More recently, the FTC also brought an enforcement action against a company for failing to take appropriate security measures to protect the sensitive data of thousands of customers. What makes this case interesting is the fact that the enforcement action was not based on a violation of the company's privacy policy. The FTC alleged that the company's failure to secure sensitive information was an unfair practice. In settling with the FTC, the company is required to implement and maintain a comprehensive information security program, and to obtain audits by an independent, third-party security professional every other year for 20 years.

From an international perspective, U.S. companies could also face enforcement action from foreign governmental authorities in the event there are data security breaches that involve the personal data of foreign customers.

B. Proposed Laws, Congressional Hearings and Federal Guidance

  • Proposed Laws

What prompted ChoicePoint and perhaps others to disclose the fact that there was a breach in data security is a California law (S.B. 1386) that requires companies to provide notification to consumers when there is a data security breach involving their personal data. Other states, including Georgia, Connecticut, Arkansas, Montana, North Dakota and Washington, have already enacted legislation similar to the California law; similar legislation is pending in other states.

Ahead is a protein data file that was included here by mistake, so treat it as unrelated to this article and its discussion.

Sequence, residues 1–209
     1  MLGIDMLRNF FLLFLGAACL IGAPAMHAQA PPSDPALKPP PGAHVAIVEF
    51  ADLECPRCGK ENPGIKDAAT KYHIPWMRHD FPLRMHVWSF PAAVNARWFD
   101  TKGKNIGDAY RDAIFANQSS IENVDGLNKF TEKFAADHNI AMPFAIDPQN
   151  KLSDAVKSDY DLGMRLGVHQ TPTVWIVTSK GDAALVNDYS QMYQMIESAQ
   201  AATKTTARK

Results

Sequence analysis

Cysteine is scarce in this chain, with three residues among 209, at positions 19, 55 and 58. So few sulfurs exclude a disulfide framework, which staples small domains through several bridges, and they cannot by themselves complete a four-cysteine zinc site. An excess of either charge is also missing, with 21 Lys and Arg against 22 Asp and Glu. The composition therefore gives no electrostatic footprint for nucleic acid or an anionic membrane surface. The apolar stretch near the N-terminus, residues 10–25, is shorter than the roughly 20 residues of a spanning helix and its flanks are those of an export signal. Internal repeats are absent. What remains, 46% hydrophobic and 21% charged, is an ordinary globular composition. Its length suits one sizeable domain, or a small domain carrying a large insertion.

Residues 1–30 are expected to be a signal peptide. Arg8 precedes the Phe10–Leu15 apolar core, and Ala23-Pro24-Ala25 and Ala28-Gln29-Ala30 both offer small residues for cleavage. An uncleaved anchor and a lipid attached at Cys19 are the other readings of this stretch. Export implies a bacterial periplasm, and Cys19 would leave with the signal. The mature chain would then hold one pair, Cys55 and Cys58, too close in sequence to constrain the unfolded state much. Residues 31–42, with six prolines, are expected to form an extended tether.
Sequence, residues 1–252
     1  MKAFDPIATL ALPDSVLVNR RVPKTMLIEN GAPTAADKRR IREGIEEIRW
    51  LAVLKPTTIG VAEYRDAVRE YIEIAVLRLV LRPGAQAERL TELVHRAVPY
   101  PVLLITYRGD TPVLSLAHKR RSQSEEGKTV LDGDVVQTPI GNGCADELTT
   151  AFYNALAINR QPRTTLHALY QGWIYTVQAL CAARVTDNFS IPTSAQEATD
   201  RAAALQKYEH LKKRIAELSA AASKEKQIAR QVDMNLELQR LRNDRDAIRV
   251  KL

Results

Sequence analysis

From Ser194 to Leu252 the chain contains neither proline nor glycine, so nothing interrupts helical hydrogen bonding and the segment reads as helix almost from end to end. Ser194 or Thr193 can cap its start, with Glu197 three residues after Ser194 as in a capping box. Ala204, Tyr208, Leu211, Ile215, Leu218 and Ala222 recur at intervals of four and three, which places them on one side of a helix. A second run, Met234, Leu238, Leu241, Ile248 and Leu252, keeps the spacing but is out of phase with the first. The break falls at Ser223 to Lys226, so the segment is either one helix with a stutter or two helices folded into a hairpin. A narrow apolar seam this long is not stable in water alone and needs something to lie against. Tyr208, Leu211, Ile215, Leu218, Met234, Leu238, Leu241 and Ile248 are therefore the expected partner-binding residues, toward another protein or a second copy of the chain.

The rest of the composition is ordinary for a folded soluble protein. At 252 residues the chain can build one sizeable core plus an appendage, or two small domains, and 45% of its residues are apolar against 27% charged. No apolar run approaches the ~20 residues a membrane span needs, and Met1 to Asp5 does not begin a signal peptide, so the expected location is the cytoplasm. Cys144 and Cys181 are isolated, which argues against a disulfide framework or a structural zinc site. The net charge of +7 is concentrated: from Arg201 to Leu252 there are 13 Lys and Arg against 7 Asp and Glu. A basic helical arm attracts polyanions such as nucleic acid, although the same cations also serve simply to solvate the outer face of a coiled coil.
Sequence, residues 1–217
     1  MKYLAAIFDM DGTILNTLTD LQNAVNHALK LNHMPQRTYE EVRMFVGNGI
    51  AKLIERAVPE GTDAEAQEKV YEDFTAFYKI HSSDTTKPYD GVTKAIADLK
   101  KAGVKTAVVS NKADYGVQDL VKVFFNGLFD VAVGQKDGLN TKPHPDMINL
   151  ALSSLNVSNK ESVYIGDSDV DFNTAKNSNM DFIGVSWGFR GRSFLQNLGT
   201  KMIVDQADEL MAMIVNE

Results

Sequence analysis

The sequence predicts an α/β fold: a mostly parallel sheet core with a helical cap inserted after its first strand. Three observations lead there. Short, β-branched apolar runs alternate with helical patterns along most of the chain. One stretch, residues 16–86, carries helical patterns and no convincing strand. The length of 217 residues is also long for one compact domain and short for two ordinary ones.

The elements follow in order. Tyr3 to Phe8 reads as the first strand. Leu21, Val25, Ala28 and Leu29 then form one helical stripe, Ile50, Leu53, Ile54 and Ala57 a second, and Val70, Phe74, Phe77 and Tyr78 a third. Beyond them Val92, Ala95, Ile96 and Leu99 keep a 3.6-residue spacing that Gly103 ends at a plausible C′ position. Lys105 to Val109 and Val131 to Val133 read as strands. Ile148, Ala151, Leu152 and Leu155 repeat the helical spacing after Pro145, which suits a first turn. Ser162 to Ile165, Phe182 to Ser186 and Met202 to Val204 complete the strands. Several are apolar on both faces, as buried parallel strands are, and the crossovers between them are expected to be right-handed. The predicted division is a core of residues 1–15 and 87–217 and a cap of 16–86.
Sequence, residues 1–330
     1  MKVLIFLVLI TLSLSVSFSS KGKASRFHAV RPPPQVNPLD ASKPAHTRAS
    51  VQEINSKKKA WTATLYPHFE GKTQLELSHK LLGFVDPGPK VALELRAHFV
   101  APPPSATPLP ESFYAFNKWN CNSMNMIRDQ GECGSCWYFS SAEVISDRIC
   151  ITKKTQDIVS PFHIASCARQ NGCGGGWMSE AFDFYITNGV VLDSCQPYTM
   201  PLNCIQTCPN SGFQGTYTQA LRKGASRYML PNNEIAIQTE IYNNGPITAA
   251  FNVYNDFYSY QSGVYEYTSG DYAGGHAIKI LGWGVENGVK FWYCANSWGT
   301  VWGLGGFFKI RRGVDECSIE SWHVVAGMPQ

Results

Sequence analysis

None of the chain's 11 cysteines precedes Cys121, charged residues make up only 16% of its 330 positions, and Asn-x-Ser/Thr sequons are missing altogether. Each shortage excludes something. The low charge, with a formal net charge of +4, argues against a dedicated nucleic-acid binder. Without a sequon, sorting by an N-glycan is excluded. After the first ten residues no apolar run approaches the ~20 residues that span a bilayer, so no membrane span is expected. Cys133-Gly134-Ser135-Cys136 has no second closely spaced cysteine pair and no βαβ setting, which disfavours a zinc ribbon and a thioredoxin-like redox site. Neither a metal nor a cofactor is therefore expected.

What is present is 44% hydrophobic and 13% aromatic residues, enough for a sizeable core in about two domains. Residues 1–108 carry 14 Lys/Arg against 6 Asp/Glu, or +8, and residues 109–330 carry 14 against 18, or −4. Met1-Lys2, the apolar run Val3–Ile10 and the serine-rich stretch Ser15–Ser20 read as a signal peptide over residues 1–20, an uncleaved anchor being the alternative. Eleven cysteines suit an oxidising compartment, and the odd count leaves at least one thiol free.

There are dozens of privacy-related bills pending in Congress. Senator Dianne Feinstein has called for additional federal protection against identity theft, and has introduced legislation setting federal standards for consumer notification of data security breaches (S. 115). In addition, there are bills pending in the House and Senate, H.R. 1080 and S. 500, respectively, that would give the FTC additional authority to oversee entities that collect and sell personal data. More recently, Senator Arlen Specter, Chairman of the Senate Judiciary Committee, and Senator Patrick Leahy, the committee's ranking member, introduced S. 1332, the Personal Data Privacy and Security Act of 2005, a comprehensive privacy bill that would impose stringent compliance requirements and create new penalties, including jail time, for intentionally and willfully concealing the fact of, or information related to, a security breach.